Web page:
Upon transfer, the funds are steered to a bank account that is controlled by the organized crime group. This does not stop here and the perpetrators may continue to lure the victim into transferring more funds.
According to the annual report released by the Internet Crime Complaint Centre (IC3), here is a table with statistics illustrating the financial magnitude of the risk.
|Year||Total Financial Losses||Loss from BEC||% of Total Financial Losses BEC|
Overall, Business Email Compromise (BEC) attacks have resulted in losses over $3 billion and this number is expected to rise to $20 billion this year due to the increased usage of IoT devices, which are easier targets for ransomware attacks. These scams tend to evade traditional IPS/IDS solutions since they do not have any malicious links or attachments. When a person discovers that they are a victim to such an incident, they should immediately contact the financial institution to recall the funds. Then, they should file a complaint with www.ic3.gov or, for BEC/EAC victims, BEC.IC3.gov.
The best way to avoid exploitation is to verify the authenticity of the emails by checking with the executive by phone or in person. Additional defenses against Business Email Compromise (BEC) attacks recommended by the FBI are:
- Intrusion Detection System Rules – Setup rules to detect and flag any spoof email accounts. For example, if the legitimate email is xyz_business.com, it would flag an email from xyz-business.com as fraudulent.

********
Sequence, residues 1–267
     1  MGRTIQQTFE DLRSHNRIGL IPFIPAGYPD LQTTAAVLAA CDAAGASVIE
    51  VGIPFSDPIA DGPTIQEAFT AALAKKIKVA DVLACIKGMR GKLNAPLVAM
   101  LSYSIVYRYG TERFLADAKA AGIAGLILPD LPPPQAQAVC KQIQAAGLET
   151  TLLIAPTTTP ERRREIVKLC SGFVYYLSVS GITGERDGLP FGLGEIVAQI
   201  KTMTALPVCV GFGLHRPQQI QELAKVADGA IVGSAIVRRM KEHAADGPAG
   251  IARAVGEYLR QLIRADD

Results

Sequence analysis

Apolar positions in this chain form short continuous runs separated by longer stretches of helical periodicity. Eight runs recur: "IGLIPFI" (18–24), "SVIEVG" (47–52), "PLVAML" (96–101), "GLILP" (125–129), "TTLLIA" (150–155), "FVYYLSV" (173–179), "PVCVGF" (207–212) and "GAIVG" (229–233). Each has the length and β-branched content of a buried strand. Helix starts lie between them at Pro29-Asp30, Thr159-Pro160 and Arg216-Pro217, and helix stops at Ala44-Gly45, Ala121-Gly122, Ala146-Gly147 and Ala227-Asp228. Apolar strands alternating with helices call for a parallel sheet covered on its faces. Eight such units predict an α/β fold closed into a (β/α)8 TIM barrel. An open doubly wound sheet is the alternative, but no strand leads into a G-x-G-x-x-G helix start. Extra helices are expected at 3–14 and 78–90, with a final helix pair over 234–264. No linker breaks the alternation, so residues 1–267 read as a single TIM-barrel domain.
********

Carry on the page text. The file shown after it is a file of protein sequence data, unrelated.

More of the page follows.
- Email Rules – These flag email communications where the reply-to email address is different from the from email address.
- Color Coding – Categorize the emails so that emails from employee/internal accounts are one color and email from employees/external accounts are another.
- Payment Verification – Verify changes in vendor payment location by adding two-factor authentication such as having a secondary sign off by company personnel.
- Confirmation Requests – Develop a policy to require phone verification as a two-factor authentication by using previously known phone numbers as opposed to phone numbers mentioned in the fraud email.
- Careful Scrutiny – Examine each email request for transfer of funds to determine if the requests are out of the ordinary.
- Employee Security Awareness Campaign – Implementing effective security awareness training for your employees is the best defense against a BEC attack. This empowers them to identify fraudulent emails from genuine ones.
Enterprise security is essential, and a compromised email system can seriously damage the company’s reputation, bottom line, and legitimate business interests. Safeguarding a company’s finances and privacy will ensure business longevity.
Don’t let Business Email Compromise happen to your organization. Join us on Thursday, November 19 at 12 PM EST / 9 AM PST for an informative and interactive conversation with Derek Johnson, Director, Security from OnSolve. Register now for Preventing Business Email Compromise.
This article was written by Prajna Priyadarshini, Cybersecurity Analyst at Idenhaus Consulting.